Biographical Data on New Directors
Directors Named by Address Supporting Organization (ASO)
Robert Blokzijl is a founding member of RIPE, the European open forum for IP networking. Since its foundation in 1989, he has been chairman of this organization, and was instrumental in the creation of RIPE NCC in 1992 as the first Regional Internet Registry in the world.
Prior to this, he has been active in building networks for the particle physics community in Europe.
Robert Blokzijl graduated from the University of Amsterdam (1970) and holds a doctorate in experimental physics from the same university (1977). He is currently employed by the National Institute of Nuclear Physics and High Energy Physics (NIKHEF).
Ken Fockler is the President of Tenac Consulting, a company he founded in 1997 after the wrap up of CA*net Networking Inc. where he was President from 1992 to 1997.
CA*net was a federally incorporated non-profit organization of regional networks that came together to create and manage a national backbone network in Canada. Prior to CA*net Ken was with IBM Canada Ltd. and was instrumental in founding NetNorth in 1984, a coast to coast university network connected to BITNET and EARN. In 1996 he helped establish CAIP, the Canadian Association of Internet Providers, and served as the first chairman and President.
From 1992 to 1997 he served on the board of directors of CANARIE, the Canadian Network for the Advancement of Research, Industry and Education. He serves on the board of the CA*net Institute, a non-profit organization dedicated to the development and use of the Internet for the public good. He served a one-year term on the board of ARIN, the American Registry for Internet Numbers, and an additional year as an officer of ARIN in the role of Treasurer.
Ken recently served on a Panel of Experts for WIPO, the World Intellectual Property Organization, for a study on domain names.
In 1996 Ken received the Chairman's Award from CBTA, the Canadian Business Telecommunications Association, for his outstanding contribution to the Canadian Telecommunications Industry.
He is a graduate of the University of Toronto, Engineering Physics 1961, and is married with three grown daughters.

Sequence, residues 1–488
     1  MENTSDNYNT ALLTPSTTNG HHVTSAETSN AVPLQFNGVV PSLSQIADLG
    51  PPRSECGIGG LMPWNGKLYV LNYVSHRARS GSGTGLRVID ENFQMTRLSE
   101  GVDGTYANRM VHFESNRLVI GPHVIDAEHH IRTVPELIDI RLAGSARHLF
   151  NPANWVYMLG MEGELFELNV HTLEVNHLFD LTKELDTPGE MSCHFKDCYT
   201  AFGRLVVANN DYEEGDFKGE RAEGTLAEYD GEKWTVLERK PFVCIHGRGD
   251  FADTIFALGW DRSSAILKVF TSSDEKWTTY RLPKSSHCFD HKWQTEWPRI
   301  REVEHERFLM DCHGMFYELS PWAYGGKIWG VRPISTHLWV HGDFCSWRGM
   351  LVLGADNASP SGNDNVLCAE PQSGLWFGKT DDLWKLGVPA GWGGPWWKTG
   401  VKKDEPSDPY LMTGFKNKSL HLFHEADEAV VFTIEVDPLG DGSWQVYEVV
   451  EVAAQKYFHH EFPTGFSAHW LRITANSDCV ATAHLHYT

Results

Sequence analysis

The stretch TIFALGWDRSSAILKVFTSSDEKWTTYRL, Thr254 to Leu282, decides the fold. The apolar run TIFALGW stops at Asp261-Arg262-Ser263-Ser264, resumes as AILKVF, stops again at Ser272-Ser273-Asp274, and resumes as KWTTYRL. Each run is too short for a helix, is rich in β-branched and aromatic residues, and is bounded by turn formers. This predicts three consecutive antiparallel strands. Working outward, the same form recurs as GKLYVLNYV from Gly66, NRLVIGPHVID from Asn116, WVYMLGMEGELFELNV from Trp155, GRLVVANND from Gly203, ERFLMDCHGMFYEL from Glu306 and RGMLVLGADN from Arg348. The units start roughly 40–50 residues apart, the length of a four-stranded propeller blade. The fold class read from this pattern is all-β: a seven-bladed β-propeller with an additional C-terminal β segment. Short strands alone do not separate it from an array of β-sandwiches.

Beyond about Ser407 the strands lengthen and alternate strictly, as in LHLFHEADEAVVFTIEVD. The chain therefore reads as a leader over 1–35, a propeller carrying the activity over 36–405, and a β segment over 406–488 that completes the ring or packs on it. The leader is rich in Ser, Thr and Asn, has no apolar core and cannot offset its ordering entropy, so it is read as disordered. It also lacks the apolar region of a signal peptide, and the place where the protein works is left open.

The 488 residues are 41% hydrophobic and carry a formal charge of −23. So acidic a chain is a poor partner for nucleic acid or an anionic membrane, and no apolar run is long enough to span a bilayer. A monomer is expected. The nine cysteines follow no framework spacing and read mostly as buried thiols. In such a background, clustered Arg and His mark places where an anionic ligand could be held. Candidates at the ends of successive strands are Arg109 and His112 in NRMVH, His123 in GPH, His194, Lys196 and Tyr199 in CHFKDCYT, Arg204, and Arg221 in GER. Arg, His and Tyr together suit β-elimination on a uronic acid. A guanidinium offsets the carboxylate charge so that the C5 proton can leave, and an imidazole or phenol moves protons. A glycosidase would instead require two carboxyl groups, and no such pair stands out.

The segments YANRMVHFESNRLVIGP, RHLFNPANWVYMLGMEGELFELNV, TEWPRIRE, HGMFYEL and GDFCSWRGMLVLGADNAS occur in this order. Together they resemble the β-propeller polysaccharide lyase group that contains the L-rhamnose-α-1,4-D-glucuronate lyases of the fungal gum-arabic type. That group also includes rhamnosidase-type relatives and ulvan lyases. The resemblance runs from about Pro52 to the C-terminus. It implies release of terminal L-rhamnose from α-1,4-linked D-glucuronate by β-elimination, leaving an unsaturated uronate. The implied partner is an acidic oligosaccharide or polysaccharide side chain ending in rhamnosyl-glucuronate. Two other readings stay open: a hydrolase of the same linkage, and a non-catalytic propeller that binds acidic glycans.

Pindar Wong is the Chairman of the Asia & Pacific Internet Association, Executive Committee Chairman of the Asia Pacific Regional Internet Conference on Operational Technologies, advisor to the Asia Pacific Networking Group and member of the Editorial Advisory Board of Cisco Systems' Internet Protocol Journal. He is also the Chairman of VeriFi (Hong Kong) Ltd., a discrete Internet infrastructure consultancy.
Previously he co-founded Hong Kong's first licensed ISP in 1993, was the alternate chair of Asia Pacific Network Information Centre and was appointed by the Internet Architecture Board to the Policy Oversight Committee.
Prior to his involvement in commercial Internet services, he was a doctoral candidate and Sir Edward Youde research fellow at the Hong Kong University of Science and Technology. Before gaining his doctoral fellowship, Mr. Wong was briefly a banker after graduating with 1st class honors in computing science from the Imperial College of Science, Technology and Medicine.
Directors Named by Domain Name Supporting Organization (DNSO)
AMADEU ABRIL I ABRIL
Amadeu Abril i Abril (mailto:Amadeu@nominalia.com) teaches European Union Law, Competition Law, and IT Law at ESADE Law School, Ramon Llull University (a private University based in Barcelona). He also is an attorney-at-law specialising in distribution contracts, competition law and IT law. He was admitted to the Barcelona Bar in 1985, where he currently serves as Secretary to its Competition Law & Policy Section. Between 1986 and 1988 he worked at the European Commissionís Directorate General for Competition Policy.